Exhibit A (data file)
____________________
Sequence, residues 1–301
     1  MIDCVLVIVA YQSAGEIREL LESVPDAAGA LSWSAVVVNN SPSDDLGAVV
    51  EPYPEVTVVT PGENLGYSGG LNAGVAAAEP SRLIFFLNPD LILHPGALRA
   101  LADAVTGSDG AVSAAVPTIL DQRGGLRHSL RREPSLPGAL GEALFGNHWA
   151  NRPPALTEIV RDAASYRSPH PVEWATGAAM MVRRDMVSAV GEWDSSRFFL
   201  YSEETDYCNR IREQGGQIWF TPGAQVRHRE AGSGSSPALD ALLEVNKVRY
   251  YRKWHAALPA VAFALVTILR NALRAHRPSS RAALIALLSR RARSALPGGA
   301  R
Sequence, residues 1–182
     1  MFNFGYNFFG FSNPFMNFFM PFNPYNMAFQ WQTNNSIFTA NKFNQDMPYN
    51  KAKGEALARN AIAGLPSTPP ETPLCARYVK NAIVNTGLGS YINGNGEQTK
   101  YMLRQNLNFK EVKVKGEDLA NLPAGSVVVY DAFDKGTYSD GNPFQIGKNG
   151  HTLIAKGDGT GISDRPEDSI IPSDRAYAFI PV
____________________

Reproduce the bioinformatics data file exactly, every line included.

Sequence, residues 1–301
     1  MIDCVLVIVA YQSAGEIREL LESVPDAAGA LSWSAVVVNN SPSDDLGAVV
    51  EPYPEVTVVT PGENLGYSGG LNAGVAAAEP SRLIFFLNPD LILHPGALRA
   101  LADAVTGSDG AVSAAVPTIL DQRGGLRHSL RREPSLPGAL GEALFGNHWA
   151  NRPPALTEIV RDAASYRSPH PVEWATGAAM MVRRDMVSAV GEWDSSRFFL
   201  YSEETDYCNR IREQGGQIWF TPGAQVRHRE AGSGSSPALD ALLEVNKVRY
   251  YRKWHAALPA VAFALVTILR NALRAHRPSS RAALIALLSR RARSALPGGA
   301  R
Sequence, residues 1–182
     1  MFNFGYNFFG FSNPFMNFFM PFNPYNMAFQ WQTNNSIFTA NKFNQDMPYN
    51  KAKGEALARN AIAGLPSTPP ETPLCARYVK NAIVNTGLGS YINGNGEQTK
   101  YMLRQNLNFK EVKVKGEDLA NLPAGSVVVY DAFDKGTYSD GNPFQIGKNG
   151  HTLIAKGDGT GISDRPEDSI IPSDRAYAFI PV